This paper proposes an implementable sun tracking algorithm for portable systems powered by alternative energy sources. The proposed system uses a 2axis tilt sensor and a 3axis magnetic sensor to measure the orientation and posture of the system, according to a horizon coordinates system, and compensate for tilt effects. Then, through an astronomical calculation, using the present time and position information obtained from GPS sensors, the azimuth and altitude of the sun in that location is calculated and converted to portable sun tracking system coordinates and used to control the A and Caxes of the system.
I. INTRODUCTION
Photovoltaic systems are receiving a great deal of attention as an environmentally friendly alternative energy source. Aided by government demonstration projects, the applicable scope of photovoltaic systems tends to be expanding gradually from smallscale systems for homes and buildings to largescale systems for power generation networks.
Increasing the efficiency of photovoltaic systems requires a sun tracking algorithm which can ensure that the solar cells face normal to the sun. Along with maximum power point tracking (MPPT)
[1]

[4]
this improves the efficiency of thesolar cells and power conditioning system.
The efficiency of solar cells and power conditioning systems has been consistently improved by developments in technology. The efficiency of a photovoltaic system is determined largely by the angle of incidence of sunlight on the solar cells. The sunflower type sun tracking algorithm generally used for fixed installations relies on alignment with the horizontal system of coordinates. When the azimuth and altitude of the sun are calculated for a given point in time, the system tracks the sun, using a 2axis control method with a pan and tilt drive. Since the sun tracking algorithm is aligned with the horizontal coordinates, it can control the array simply. The pan drive adjusts the array to the corresponding azimuth and the tilt drive compensates for the altitude angle. This general sun tracking method is shown in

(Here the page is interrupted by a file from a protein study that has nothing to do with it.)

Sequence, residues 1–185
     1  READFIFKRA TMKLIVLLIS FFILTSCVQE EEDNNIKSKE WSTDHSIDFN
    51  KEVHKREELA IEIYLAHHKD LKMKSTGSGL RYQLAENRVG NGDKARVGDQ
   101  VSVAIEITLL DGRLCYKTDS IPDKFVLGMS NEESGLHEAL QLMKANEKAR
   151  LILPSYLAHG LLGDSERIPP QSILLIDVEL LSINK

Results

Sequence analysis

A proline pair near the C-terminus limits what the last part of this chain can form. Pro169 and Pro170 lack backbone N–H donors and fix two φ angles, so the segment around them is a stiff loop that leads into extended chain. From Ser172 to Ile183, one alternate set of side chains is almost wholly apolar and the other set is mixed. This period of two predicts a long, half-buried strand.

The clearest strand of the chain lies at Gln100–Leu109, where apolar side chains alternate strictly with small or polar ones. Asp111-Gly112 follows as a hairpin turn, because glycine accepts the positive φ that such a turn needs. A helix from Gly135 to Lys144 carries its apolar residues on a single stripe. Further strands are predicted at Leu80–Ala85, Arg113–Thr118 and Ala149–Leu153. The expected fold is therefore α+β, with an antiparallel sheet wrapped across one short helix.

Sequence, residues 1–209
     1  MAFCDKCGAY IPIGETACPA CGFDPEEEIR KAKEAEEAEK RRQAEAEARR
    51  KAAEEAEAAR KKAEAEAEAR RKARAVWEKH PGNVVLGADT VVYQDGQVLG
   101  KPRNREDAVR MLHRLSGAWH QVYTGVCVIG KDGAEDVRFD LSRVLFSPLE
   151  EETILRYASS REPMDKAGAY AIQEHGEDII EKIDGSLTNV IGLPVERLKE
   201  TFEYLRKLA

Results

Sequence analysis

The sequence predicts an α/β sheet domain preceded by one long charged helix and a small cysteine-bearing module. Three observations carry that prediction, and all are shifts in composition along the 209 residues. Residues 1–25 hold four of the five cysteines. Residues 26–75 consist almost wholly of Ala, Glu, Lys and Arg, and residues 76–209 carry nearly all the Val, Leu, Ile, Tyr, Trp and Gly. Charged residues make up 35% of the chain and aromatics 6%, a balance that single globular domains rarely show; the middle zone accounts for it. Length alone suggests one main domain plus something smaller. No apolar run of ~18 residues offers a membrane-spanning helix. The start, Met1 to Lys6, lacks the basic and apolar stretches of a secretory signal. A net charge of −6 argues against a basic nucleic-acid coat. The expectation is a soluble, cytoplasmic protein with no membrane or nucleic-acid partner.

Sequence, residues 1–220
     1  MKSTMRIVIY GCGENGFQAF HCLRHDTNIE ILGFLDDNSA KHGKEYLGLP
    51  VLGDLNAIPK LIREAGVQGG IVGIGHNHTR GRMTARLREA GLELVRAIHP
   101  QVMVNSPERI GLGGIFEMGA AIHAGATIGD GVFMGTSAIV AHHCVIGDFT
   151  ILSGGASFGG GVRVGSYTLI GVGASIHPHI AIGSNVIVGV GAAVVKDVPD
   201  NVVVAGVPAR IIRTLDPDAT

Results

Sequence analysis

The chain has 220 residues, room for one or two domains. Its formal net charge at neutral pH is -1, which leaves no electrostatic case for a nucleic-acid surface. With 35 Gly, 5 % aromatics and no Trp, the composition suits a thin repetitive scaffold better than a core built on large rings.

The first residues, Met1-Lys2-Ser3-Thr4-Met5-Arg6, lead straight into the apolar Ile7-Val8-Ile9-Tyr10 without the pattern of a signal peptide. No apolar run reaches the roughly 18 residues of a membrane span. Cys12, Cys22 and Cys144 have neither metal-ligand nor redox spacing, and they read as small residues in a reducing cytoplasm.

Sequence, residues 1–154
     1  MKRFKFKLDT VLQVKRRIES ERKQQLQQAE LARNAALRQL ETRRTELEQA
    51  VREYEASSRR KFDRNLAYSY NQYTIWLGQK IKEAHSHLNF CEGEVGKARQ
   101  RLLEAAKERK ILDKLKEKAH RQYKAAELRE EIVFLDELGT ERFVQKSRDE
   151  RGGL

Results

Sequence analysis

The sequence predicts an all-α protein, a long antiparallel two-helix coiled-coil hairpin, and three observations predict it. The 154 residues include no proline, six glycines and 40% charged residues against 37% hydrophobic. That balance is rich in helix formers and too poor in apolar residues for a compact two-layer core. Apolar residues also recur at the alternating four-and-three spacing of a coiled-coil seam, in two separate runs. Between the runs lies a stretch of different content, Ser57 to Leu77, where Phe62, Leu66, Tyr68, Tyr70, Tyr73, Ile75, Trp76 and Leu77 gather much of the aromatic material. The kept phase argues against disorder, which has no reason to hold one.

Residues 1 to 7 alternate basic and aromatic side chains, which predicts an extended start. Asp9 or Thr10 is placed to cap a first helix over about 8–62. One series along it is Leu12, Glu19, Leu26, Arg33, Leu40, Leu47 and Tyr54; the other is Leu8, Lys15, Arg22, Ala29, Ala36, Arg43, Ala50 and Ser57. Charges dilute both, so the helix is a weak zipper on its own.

Table I
.
On the other hand, photovoltaic systems are expected to be applied for use in portable applications as well as existing fixed installations. To use photovoltaic systems as a power source for automobiles, ships, and portable devices, as well as portable battery chargers, the system must be lightweight and be able to produce as much electric power as possible for use as an energy source. However, in portable systems it is difficult to track the sun with a simple method like that used in fixed systems, because the current position changes continuously and the sun tracking algorithm is not lined up with the horizontal coordinates of the current location. In a fixed system algorithm, it is necessary to know the position and direction of motion of the sun and its tilt angle with respect to the horizontal plane.
This paper proposes a sun tracking algorithm for portable applications, which tracks the sun both by measurements and astronomical calculations. The sun tracking algorithm measures the tilt angle made with respect to the horizontal plane, its posture (direction and position), and the current time in real time with a tilt sensor, a geomagnetic sensor, and a GPS.
Fig. 1
shows a flow diagram of the algorithm for portable applications.
CLASSIFICATION OF SUN TRACKING METHODS
CLASSIFICATION OF SUN TRACKING METHODS
Portable sun tracking system flow chart.
II. STRUCTURE OF THE SUN TRACKING ALGORITHM
The sun tracker shown in
Fig. 2